Written (circa 2003) by David Thatcher

We live in a church. It is not a grand church but to us it is very special. Often during the weekend as we are sitting having a coffee on our deck we watch as a car drives past on the road below. As soon as the cars occupants see the church the car slides to a halt, backs up, and the occupants gaze at our church, and sometimes even take a photograph.  From down on the road our church looks to be the typical quaint country church.  Probably all those people who stop and look do not even realise that the church is now someone’s home.

Eight years ago Alison and I were on the hunt for a new home. We had spent the previous few years living on our yacht but now wished to set up a base on shore. Browsing through various real estate magazines did not really inspire us. There was precious little that we could afford that inspired us as a place to live and call home. On a rainy Sunday one advertisement did catch our attention:


Something unique for someone with flair and

artistic imagination.  2 acres with bush outlook.

Weekender or renovation

We had no idea where Ahuroa was but another advertisement for the same property placed it in Puhoi.  Worth a look to fill in a wet Sunday. The road from Puhoi to Ahuroa nearly put us off, who would want to live way out there?  But after an hour of viewing the property we were smitten. The church had a good feel to it, and I knew that I could build an interior into it very easily. The setting was beautiful. By the next morning the property was ours.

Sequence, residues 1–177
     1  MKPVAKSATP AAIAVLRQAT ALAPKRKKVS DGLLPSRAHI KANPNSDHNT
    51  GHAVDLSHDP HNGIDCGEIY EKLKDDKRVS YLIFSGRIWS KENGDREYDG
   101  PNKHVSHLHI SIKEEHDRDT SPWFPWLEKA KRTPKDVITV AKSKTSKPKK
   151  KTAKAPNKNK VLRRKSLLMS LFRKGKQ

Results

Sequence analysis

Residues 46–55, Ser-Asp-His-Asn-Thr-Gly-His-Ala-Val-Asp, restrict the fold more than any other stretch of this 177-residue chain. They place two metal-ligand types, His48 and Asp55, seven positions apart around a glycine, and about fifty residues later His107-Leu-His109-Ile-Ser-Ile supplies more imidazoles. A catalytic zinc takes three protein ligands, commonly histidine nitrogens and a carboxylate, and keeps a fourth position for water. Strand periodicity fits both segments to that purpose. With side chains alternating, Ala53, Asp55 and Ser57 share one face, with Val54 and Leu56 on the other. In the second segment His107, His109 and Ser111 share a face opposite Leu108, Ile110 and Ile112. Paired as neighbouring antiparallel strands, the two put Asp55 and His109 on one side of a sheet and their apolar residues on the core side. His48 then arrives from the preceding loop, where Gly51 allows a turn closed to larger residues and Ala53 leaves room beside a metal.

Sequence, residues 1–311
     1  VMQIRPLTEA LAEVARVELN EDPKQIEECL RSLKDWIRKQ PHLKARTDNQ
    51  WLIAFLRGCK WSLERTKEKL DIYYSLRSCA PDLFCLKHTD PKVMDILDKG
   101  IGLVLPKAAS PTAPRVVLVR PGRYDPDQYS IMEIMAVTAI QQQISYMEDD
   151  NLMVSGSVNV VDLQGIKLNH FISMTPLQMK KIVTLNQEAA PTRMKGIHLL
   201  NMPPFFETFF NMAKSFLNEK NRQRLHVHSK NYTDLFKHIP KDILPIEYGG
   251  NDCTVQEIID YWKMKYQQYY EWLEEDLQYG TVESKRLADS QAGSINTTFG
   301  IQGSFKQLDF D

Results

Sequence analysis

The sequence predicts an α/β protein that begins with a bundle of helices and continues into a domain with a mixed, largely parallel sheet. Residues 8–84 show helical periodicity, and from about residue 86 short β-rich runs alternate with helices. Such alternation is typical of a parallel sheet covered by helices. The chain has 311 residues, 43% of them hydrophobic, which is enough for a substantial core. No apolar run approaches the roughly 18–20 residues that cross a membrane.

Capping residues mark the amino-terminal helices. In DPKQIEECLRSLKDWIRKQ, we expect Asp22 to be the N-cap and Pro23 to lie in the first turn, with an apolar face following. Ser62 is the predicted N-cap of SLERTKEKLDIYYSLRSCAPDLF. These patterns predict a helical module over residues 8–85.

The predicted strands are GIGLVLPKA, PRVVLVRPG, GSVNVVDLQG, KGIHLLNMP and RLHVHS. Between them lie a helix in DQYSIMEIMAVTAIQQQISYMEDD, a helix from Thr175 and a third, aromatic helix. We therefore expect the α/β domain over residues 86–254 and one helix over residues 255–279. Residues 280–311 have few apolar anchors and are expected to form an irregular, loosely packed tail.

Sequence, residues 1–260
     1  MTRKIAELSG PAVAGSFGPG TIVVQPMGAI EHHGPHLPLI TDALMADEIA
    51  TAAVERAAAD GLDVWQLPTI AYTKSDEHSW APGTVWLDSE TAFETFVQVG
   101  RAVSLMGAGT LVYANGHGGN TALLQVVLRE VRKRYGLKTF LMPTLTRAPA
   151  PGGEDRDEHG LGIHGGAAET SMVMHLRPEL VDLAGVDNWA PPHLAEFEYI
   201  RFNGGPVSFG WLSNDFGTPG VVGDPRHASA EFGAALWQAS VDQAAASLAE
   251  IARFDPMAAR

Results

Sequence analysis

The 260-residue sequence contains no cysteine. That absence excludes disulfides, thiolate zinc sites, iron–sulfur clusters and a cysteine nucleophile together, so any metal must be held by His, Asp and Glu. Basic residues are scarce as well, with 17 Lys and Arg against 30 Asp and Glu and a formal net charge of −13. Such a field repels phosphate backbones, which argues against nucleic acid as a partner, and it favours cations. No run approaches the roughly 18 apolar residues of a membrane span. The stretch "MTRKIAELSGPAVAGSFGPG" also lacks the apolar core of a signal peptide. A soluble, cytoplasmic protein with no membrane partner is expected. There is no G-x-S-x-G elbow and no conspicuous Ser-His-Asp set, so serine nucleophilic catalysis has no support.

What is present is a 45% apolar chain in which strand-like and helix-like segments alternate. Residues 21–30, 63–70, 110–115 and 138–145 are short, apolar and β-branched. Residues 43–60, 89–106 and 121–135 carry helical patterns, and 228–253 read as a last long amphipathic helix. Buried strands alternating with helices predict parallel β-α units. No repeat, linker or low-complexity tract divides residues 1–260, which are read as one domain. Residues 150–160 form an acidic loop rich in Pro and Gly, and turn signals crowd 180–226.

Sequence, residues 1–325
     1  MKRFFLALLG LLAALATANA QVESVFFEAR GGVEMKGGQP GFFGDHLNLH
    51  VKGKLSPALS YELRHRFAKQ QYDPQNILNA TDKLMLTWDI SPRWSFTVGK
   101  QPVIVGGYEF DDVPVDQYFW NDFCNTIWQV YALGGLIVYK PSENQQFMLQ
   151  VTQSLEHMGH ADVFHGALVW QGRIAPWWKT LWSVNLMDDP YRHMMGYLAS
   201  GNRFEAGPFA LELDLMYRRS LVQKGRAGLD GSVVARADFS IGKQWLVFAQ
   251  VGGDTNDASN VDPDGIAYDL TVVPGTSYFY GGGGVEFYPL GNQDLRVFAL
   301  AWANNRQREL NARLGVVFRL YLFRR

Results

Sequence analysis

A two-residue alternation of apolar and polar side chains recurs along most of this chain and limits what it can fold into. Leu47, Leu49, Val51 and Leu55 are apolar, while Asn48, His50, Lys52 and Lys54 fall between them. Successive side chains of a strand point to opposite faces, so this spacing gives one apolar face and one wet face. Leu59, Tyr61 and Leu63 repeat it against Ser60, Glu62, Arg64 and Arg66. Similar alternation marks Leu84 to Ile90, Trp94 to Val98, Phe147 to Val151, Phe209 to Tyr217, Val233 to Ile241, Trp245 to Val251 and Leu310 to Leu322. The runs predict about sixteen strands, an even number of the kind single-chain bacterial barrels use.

The first part of the renovation was to tear down a confessional which had been built onto the side of the church. If all the borer in the rimu timber from which this was constructed were to stop holding hands it would have probably fallen down by itself. The rest of the church was built from heart kauri and was in very good condition. A simple interior was built and development of the property was begun, and, as with any property is still ongoing. When we began our renovations we wished to retain the essential character of the church. The wooden country church is an essential part of New Zealand’s architectural and cultural heritage and we feel privileged to be the guardians of one of these historic buildings.  

Many of our visitors ask the inevitable questions of how old is the church, and where did it come from.  For some reason many people assume that the church was moved onto the property. This however is not the case. Although we do not know the exact date of the church’s construction records show that it was insured from April of 1918.  Early information shows that a Major Burns donated the land for the church site. The church was built by a Mr. John Paul and a Mr. Tony Russek, with the aid of local people. The kauri timber was donated by Mrs. Turnwald from her farm just down the road. The confessional was added in the 1930’s.  Although the church was catholic it was also used by the local Anglicans.  I understand that on Sundays the priest would finish services in Puhoi, and then ride his horse across the hill to Ahuroa to conduct services there.

The church was used by the local community right up to the mid 70’s.  At about that time ownership passed to the Lothlorien property, which is featured elsewhere on this web site.  While under Lothlorien ownership the church was utilised for numerous functions, including many parties.  During our years of ownership we have met many local people who have attended church services and other functions at ‘St Patricks’.  One such example is a local contractor who delivered a truckload of garden mulch to the property recently.  As he was about to climb into his truck and head off down the drive he paused, looked at the church and said; “I got married in there”.  We hope his marriage has been a good one.